Wing Commander Prophecy wasn't me. I thought the team did a fantastic job carrying on the legacy for that one, but my involvement in the game series ended after Wing Commander IV. So, I've never been especially invested in the story they set up, with the new enemy replacing the Kilrathi. I'd love to make another Wing Commander – and I spent a lot time thinking what I would do story wise - but I’m only going to do that on my own terms. I created and used to own the IP. I’m only willing to go back if I can be assured of guiding it going forward. I don’t want to be the position the Infinity Ward / Respawn guys were , where they built up a huge franchise then had it taken away from them for the greater good of corporate profit and yearly release cycles, IP integrity be damned... The same is true for Freelancer and Starlancer, they're both owned by Microsoft.

So my answer is not rely on a publisher to realize the best place for an IP is with the person that created and loves it, and instead concentrate all my energy and creativity into Star Citizen. Star Citizen has everything I would do if Wing commander, Privateer and Freelancer were still my IPs, rolled into one holistic game. I’m taking a risk, but I believe there are enough PC gamers and space sim fans out there to show the world and publishers that it is very much a genre people want if you make a truly great game.

8. Can we expect any kind of Easter eggs or any sort references to your earlier games in Star Citizen?

Count on it. In fact, have your readers take a close look at the trailer we released at GDC Online...

9. When you took a break from game design and focused your efforts on Ascendant Pictures how would you describe working on movies such as The Punisher or The Lord of War?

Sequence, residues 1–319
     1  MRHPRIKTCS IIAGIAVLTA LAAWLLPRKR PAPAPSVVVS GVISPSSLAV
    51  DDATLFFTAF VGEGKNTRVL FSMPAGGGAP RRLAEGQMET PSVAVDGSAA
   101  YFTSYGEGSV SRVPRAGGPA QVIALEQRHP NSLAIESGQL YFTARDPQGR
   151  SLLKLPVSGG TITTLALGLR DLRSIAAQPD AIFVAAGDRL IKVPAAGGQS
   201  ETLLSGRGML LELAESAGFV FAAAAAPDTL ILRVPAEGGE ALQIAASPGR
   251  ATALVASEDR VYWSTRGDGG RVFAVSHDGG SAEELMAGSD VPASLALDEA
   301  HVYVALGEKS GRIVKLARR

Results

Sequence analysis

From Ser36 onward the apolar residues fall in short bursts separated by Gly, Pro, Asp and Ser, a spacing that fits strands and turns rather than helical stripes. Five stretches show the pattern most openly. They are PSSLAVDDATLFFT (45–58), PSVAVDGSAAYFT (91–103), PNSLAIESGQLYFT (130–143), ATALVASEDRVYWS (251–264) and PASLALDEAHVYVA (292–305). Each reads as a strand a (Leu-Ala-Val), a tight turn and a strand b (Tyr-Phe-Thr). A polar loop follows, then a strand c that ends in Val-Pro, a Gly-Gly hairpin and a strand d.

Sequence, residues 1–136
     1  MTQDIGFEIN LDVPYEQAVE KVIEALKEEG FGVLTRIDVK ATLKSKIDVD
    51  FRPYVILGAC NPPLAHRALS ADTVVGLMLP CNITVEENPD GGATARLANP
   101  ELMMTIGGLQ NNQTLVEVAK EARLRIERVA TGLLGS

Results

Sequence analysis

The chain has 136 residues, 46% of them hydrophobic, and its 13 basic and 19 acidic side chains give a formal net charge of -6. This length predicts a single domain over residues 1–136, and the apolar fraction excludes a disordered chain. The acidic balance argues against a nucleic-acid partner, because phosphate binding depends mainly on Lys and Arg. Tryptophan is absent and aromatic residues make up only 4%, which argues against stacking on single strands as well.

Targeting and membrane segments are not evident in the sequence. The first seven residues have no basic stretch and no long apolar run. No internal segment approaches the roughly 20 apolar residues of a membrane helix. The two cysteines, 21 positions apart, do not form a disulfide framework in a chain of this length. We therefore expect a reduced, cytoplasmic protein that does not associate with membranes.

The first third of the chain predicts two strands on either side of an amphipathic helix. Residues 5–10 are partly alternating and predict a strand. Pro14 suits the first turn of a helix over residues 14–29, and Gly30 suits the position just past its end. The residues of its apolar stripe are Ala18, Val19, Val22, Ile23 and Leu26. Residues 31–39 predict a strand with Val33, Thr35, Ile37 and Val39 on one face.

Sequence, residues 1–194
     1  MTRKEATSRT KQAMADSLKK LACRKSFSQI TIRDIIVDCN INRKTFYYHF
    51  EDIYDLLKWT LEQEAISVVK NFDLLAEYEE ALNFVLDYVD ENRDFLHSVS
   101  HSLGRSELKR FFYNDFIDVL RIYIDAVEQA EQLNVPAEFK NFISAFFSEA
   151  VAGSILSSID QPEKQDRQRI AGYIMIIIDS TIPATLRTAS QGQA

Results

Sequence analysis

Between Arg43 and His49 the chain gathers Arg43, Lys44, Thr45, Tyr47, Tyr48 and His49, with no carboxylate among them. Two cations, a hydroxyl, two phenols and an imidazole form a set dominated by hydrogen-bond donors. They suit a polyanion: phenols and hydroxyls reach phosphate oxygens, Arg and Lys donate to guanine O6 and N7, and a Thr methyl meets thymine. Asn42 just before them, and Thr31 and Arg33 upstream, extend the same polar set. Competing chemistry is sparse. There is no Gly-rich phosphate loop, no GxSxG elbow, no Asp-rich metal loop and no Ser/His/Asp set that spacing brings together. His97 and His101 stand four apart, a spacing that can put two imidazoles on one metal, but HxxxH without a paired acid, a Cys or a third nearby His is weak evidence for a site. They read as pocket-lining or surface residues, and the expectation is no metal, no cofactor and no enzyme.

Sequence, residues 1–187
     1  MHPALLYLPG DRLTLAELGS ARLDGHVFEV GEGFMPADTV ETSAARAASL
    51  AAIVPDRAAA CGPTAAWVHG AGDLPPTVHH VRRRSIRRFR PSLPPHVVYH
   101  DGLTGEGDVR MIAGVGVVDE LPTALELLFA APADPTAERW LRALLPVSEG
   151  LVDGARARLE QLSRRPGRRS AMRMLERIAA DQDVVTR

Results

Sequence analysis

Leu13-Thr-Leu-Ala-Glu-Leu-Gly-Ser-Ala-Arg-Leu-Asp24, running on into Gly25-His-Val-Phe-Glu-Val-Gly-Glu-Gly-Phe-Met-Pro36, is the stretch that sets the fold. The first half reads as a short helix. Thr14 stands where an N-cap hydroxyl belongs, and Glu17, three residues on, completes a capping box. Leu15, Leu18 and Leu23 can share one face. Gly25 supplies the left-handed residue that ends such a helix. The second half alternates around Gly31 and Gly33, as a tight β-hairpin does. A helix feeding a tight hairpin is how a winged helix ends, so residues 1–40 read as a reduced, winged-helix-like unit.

I found it immensely rewarding to spend time making films and being involved in all aspects from early script development, through physical production to post production and final release and marketing. I learnt so much from a creative and storytelling side. Lord of War with Nicholas Cage and Lucky Number Slevin with Josh Harnett, Bruce Willis and Morgan Freemen are two of my favorites. Just getting to work with actors of that caliber and see the small things they do make a performance “real” is immensely insightful. There is a lot of subtlety and detail that goes into making a film work that isn’t apparent to someone looking in from the outside. The quiet moments, maybe just a reaction shot or an image can be more emotionally powerful than a two page long speech. There is a level of maturity to the emotion and storytelling that I learn from film that I would love to bring to games. A level that I think is now possible with the advances in technology allowing for more sophisticated visuals and audio, which allows you to deliver some of the details that make a film work. One of my big goals in Hollywood was to try and build the same sense of world that I did in my game worlds, and I'm very proud of how much of that I was able to do on these projects. The last film I produced, a science fiction film called Outlander, is a great example of this. I helped make sure we did a truly exceptional amount of pre-production, really building all the details of the world in just the same way we used to at Origin. And I would say that I learned a lot in the process that we're going to bring to Star Citizen. One of my immediate takeaways there was that I needed to use the same kind of exceptional talent you find in Hollywood to create the feel for the Star Citizen world. So we've brought in some amazing concept artists from the film world, Ryan Church (who worked with me on Outlander), Jim Martin and others, to help make sure Star Citizen has a truly classic look to it.